Looking forward at AToMiC
The conference included speakers from PHD, PepsiCo and Saatchi & Saatchi talking about how to thrive in today's mediascape.
The most recent edition of the AToMiC conference featured everything from controlling brainwaves to the next app-creating geniuses.
Held at Kool Haus in Toronto, the conference kicked off with keynote speaker Alexander Manu, senior partner and chief imaginator at InnoSpa International talking about the future of the internet, how brands need to stop thinking of different mediums as channels and start thinking of them as platforms for engagement.
He said brands should have the foresight to latch onto new technology as quickly as possible. Campaigns should be created which are constantly changing and providing value as media. He also said Twitter will no longer exist within two years, a prediction which was ironically hotly tweeted.
Mark Holden, global strategy and planning director at PHD Worldwide, bombarded the audience with an exploration of how new and future technologies will shape the industry. He dove into the society of 2016, saying the way we do commerce will change massively, with 76% of retail planning to use Facebook to sell their products.
Creative versioning and optimization will become the role of the media agency, said Holden, adding that data will feed into real time dashboards, all leading to the creation of a media futures exchange.
He said agencies need to focus on innovation, making new product development a priority across all areas of the business and making those products more interesting.
“It is time for media agencies to pick a side,” he said. “Are you going to go down the automation route, or down the innovation route?”
Jeremy Grubaugh, CD, global creative solutions, Microsoft Advertising spoke on the art of creative storytelling. “Today is a great time for storytelling,” he told the crowd. “We are connected all the time.”
Frank Cooper III, CMO, global consumer engagement for PepsiCo broke from his scheduled topic to tell the room about what he calls “The Hit Principle.” Standing for humanity, imagination and truth, Cooper said the principle is the reason why some brands create meaningful connections with consumers, while others are left in the dust. He cited Google’s “Dear Sophie” ad and his own work with Mountain Dew’s “Dewmocracy” as pieces which reached out to consumers in a way that puts the consumer first in a truthful way.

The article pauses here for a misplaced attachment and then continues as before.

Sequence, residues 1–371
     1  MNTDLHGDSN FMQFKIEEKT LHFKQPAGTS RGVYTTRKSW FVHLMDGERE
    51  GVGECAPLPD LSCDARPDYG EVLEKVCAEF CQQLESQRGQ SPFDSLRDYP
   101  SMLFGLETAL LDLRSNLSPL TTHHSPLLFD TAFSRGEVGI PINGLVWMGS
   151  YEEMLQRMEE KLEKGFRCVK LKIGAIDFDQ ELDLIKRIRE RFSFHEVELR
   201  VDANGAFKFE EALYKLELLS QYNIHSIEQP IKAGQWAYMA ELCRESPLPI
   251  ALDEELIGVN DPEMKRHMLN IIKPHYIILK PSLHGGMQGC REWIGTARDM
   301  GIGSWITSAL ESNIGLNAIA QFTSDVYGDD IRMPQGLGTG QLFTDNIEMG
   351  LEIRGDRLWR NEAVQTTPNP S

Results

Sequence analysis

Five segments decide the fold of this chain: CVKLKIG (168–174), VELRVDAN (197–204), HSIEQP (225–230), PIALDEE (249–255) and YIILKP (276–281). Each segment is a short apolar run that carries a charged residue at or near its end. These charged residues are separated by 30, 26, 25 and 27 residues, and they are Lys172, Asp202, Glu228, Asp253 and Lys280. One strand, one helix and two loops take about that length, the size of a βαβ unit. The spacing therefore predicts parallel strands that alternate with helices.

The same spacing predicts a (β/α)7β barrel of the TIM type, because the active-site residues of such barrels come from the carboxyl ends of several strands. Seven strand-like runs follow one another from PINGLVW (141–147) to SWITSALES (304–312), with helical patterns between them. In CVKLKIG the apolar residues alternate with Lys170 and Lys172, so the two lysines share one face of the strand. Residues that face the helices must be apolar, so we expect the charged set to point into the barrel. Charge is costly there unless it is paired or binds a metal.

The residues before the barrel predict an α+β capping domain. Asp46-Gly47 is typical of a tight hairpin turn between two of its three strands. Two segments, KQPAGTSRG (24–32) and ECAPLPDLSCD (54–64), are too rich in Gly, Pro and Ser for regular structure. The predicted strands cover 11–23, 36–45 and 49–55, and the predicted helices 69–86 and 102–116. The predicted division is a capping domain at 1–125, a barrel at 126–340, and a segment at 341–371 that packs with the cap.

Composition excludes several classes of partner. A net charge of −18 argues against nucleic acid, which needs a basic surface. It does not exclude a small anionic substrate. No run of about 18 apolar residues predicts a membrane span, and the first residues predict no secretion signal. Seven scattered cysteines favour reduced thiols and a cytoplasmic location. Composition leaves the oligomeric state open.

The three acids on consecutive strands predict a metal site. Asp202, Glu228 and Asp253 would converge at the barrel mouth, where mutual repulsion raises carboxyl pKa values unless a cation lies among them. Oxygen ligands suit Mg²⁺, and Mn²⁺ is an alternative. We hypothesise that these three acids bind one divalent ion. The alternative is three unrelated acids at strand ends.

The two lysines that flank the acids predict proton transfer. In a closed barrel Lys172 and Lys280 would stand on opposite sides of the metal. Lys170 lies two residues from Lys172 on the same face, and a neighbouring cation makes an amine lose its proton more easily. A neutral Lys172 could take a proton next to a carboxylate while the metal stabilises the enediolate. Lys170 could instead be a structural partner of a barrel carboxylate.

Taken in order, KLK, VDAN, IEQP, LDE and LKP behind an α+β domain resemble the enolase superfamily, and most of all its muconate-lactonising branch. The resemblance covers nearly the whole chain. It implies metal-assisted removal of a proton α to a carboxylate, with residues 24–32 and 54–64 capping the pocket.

Cooper also touched on the brand’s work with The X Factor, saying it took its sponsorship to the next level by agreeing to put the winner of the show in a Pepsi Super Bowl ad, effectively matching the $5 million prize given away by Fox to the winning singer.
For his talk, Tim Leake, CD and director of creative innovation at Saatchi & Saatchi in New York, coined a new term – adprovising – or applying the rules of improv to marketing, beneficial these days because we don’t have the luxury of time anymore in this day of instant connectivity.
The rules included listening to what others say, in other words, don’t tell consumers what they want, let them tell you. He gave the example of Hyundai’s assurance program during the recession in which consumers could return cars if they lost jobs (sales were up 14% but only one car was returned). A rule that might be hard to swallow for marketers: a mistake is a gift. How you handle a mishap says a lot about company and the smart ones make it an opportunity, such as James Ready and its Cap Recall program, which was an AToMiC Awards winner. Also, find the game – discover what the audience responds to and do more of it. He gave the example of the Taco Bell Chihuahua campaign, which was one of several spots launched at the same time, but the audience had the strongest reaction to that one.
Leake’s final thought was to rehearse the rules, and to stop telling stories and start inspiring them instead.
Robin Hassan, digital group director, Starcom Mediavest Group led a panel on A New Model for Mobile, featuring Boris Chan, principal, xtreme labs, Shailesh Rao, co-founder and VP of business development, Goldrun and Brian Wong, founder and CEO, kiip.
Hassan shot down the belief that the Canadian smartphone market is small, saying 7.5 million Canadians have smartphones and 75% of those people go online everyday.
Goldrun co-founder Rao said to get companies involved in mobile, the developers need to simplify the tech into language business people understand.
“We need to bridge the sci-fi stuff with what you’re selling,” he said. “It is less about things like augmented reality and more about media buys and media planners.”
Closing out the day of talks was Trevor Coleman, COO at Interaxon, a company which specializes in thought-controlled computing. Their first project was featured at the 2010 Vancouver Olympic Games, where visitors to a booth on the West Coast could think of the colour they wanted the CN Tower to be in Toronto and it would change to that.
Coleman said opportunities for brands to use the technology are endless, such as being able to pin-point the time in the day a consumer says they could use a break for a Kit-Kat, based on their brain waves.
MiC’s Jennifer Horn caught up with a few of the speakers to get their thoughts on AToMiC, and the future of the industry, before the conference ended and the first annual awards began in the evening.